Bi-Weekly. July II

Macro Update: Strong macro indicators in the Eurozone

The latest releases of macro data and forward-looking macro indicators do still show a picture of solid but slower global growth ahead of us. The latest IFO climate clock stayed in the bottom quadrant and indicated  a slowdown. However, healthy but slightly slower growth is a very good environment not only for the economy but also for stocks.

Eurozone PMI has reached a 21-year high. The IHS Markit flash composite purchasing managers’ index (PMI) rose to 60.6 in July. In the US the composite  flash PMI fell from above 60 to  59.7. Although both figures are close to each other, the narrative is completely different. In the Eurozone we finally see some growth ahead of us, while in the US we slow down from an overheating situation. However, both regions are in the acceleration area, and we can still expect potential growth over the coming 12-18 months.

Meanwhile China is strangulating its economy with first regulation of the large tech sector. The government is now taking the control over education services from private companies. In hindsight, the latest monetary stimulus from the Peoples bank of China makes perfect sense to dampen this negative effect.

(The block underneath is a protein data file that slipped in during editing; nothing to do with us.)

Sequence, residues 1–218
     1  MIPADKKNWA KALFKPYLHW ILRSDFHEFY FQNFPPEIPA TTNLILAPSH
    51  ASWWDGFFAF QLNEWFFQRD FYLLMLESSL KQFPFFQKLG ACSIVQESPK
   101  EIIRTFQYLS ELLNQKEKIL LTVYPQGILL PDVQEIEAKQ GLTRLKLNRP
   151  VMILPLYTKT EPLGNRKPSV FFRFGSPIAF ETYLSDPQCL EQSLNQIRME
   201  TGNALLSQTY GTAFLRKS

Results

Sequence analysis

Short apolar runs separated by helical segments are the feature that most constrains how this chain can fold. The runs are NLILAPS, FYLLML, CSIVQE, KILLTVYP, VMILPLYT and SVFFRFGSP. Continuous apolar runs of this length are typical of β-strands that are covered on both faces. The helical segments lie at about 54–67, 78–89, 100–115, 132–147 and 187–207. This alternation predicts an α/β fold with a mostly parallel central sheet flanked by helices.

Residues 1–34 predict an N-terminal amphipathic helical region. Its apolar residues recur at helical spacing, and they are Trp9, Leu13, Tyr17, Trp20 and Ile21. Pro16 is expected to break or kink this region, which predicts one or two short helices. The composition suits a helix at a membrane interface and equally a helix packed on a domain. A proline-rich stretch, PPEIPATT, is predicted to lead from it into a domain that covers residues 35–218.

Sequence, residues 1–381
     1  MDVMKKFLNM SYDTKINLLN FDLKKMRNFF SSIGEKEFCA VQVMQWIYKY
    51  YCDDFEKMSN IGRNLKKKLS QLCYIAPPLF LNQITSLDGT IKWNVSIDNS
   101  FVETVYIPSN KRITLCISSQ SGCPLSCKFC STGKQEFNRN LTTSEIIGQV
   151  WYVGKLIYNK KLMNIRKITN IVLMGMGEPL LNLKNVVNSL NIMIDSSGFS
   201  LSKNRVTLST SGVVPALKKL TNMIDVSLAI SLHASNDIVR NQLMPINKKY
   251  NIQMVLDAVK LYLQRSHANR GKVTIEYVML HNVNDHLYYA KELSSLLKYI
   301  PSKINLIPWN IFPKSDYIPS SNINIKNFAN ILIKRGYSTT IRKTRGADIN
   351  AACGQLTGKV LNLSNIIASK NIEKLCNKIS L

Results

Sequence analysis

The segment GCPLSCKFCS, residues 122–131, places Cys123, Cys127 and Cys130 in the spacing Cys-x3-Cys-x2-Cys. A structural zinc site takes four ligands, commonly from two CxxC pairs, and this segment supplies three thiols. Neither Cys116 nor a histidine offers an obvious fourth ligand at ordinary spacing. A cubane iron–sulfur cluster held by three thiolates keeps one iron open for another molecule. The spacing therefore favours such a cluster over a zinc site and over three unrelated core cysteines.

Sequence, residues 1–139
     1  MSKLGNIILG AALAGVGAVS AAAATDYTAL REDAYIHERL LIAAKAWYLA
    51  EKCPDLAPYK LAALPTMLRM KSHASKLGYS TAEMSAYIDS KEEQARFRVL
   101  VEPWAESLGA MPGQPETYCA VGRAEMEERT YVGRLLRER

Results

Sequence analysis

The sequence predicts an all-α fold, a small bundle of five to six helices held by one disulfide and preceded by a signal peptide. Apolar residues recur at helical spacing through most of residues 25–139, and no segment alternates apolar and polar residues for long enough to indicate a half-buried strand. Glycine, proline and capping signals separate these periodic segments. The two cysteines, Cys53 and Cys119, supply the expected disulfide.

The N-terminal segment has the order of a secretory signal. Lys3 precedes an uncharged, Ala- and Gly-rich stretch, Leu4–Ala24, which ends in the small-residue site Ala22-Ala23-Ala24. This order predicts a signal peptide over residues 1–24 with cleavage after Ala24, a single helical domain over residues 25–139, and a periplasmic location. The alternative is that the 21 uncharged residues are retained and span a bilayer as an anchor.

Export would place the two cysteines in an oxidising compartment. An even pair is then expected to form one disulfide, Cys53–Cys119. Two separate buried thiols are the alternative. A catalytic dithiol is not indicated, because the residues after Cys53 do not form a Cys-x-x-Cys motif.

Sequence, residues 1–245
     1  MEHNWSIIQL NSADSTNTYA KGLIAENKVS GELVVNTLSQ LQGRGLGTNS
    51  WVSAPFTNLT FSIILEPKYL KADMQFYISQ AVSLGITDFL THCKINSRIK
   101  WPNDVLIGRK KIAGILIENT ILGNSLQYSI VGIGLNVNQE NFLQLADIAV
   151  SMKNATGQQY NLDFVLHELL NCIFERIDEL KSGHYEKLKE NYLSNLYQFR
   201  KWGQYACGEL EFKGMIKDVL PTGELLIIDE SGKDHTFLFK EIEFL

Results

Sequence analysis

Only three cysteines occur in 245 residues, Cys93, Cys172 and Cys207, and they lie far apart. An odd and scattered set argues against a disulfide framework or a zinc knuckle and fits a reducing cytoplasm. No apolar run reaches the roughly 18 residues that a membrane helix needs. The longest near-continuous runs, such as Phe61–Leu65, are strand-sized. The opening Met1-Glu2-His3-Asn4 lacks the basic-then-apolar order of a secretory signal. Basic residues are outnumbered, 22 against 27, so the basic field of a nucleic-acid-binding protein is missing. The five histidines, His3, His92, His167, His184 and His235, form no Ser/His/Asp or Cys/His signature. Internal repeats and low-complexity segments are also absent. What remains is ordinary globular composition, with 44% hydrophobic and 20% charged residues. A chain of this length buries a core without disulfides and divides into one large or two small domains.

Meanwhile Australia with only 10% of the people vaccinated does show very weak PMI data due to the continuation of the lockdown.

On the other hand, Japan, where the Olympic Games take place, shows a strong economic rebound  although the area of Tokyo is in another lookdown. The good news in Japan is that the vaccination rate is finally fast growing and we do have more than 30% of the population vaccinated.

Overall we do see encouraging signs of growth. The pent-up demand from the consumer is large for goods but especially large for leisure services. Travel oriented businesses have problems to deliver sufficient supply to the consumer.

One key risk for the next two years is that due to the lack of access to vaccine and the sharp increase of debts in a lot of emerging markets we might see a lot of defaults and restructuring of international government debt.